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Mia Arawi 27 Feb 2023

Historical Snapshot: The Curious Stories of the Crusader Counts of Tripoli

Some of us are familiar with the history of the crusaders in Lebanon, but apart from calling them “Franks” and looking at some of their castles, what do we actually know? The story of the County of Tripoli is perhaps a good first step into the history of the crusaders in the country.

The area was captured by Christian forces in 1109 as part of the first crusade into the region, and was incorporated as a vassal of the newly established Kingdom of Jerusalem. The first true count of Tripoli was Bertrand of Toulouse and simultaneously the count of Toulouse in France. His father Raymond IV had been one of the major participants in the first crusade, and led a major siege on Tripoli, but died before ever capturing it.

During his assault on the city, Raymond had built a large citadel on Mount Pilgrim, then known as Citadel of Raymond de Saint-Gilles, now known as Qalaat Trablos or Qalaat el Sanjil. After Bertrand’s death in 1112, Pons became the new count of Tripoli.

Under Pons’ rule, Tripoli became embroiled in inter-crusader conflicts after the death of Baldwin I and Baldwin II, and was involved in multiple wars against the local muslims. In 1132, Pons ordered the execution of the native ra’is of Tripoli, one of the first times that ever happened. Pons was succeeded by Raymond II in 1137.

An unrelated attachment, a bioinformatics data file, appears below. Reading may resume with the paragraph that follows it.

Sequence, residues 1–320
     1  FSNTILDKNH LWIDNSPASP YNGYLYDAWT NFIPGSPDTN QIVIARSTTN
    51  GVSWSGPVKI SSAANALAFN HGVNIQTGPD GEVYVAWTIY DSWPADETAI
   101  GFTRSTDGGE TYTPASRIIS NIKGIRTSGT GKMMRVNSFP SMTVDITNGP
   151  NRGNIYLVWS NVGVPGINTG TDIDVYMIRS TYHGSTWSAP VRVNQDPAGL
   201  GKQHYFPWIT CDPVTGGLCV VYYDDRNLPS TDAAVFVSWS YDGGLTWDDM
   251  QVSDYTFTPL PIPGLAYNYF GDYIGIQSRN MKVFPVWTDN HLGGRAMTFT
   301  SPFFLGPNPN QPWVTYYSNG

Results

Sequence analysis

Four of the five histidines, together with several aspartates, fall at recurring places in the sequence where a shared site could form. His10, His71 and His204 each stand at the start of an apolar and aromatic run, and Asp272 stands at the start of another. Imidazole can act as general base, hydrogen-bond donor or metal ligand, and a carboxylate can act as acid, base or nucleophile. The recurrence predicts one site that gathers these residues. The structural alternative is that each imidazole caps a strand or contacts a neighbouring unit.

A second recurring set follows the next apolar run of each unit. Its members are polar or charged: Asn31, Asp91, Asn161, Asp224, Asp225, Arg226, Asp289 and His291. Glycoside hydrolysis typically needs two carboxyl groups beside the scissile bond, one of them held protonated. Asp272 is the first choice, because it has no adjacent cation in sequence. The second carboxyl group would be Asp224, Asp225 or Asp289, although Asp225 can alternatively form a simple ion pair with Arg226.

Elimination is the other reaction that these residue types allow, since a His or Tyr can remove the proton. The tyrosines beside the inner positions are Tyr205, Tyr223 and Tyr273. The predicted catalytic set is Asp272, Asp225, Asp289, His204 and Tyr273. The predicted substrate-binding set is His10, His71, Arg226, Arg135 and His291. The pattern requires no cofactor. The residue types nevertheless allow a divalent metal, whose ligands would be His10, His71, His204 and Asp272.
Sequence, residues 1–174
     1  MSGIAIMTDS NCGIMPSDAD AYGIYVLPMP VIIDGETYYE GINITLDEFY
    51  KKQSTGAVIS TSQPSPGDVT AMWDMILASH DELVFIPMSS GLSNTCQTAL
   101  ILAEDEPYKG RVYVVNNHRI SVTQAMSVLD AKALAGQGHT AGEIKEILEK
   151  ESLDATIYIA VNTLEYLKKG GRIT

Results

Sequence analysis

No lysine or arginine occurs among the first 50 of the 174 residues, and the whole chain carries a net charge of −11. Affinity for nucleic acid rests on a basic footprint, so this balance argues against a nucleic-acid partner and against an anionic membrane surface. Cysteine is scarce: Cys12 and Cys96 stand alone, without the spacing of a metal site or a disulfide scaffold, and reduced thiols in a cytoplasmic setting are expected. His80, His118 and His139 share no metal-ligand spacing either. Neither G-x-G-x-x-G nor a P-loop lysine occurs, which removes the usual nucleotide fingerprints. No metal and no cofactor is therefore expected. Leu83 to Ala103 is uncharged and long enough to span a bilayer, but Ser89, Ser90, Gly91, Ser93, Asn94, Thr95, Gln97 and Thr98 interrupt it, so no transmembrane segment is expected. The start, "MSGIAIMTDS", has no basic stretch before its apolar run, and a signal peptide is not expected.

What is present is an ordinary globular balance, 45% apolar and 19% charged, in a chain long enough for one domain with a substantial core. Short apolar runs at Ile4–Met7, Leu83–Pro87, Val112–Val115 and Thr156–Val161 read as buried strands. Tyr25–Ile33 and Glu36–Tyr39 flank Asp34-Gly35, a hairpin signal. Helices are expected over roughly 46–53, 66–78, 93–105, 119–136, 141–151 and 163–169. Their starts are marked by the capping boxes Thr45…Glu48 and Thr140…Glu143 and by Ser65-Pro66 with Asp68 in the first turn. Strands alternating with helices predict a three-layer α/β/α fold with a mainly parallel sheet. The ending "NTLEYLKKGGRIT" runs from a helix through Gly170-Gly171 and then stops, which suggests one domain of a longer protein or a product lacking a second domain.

Raymond II was in a very unhappy marriage with Hodierna of Jerusalem, which led her sister Melisende of Jerusalem to come and attempt to mediate. Hodierna eventually decided to leave Tripoli, returning to Jerusalem with her sister escorted by Raymond. On his way back, he was assassinated by the mysterious Hashashin order, becoming the first Christian leader to die at their hands.

Raymond III was 12-years old when his father was assassinated. His most major achievement includes spending 10 years in an Aleppo prison, then losing at the Battle of Hattin, and leaving Tripoli to his godson Raymond IV. Not of age, his father decided to replace Raymond IV with Prince of Bohemond IV as Count of Tripoli, who would eventually join Antioch and Tripoli.

The last count of Tripoli was Lucia, the successor of Bohemond VII, himself the successor of Bohemond VI, who succeeded Bohemond V, very creative. Lucia was the sister of Bohemond VII and had a weak reign, which officially saw the end of the County of Tripoli.

Today, Tripoli remains twinned with Toulouse as part of the international sister town program.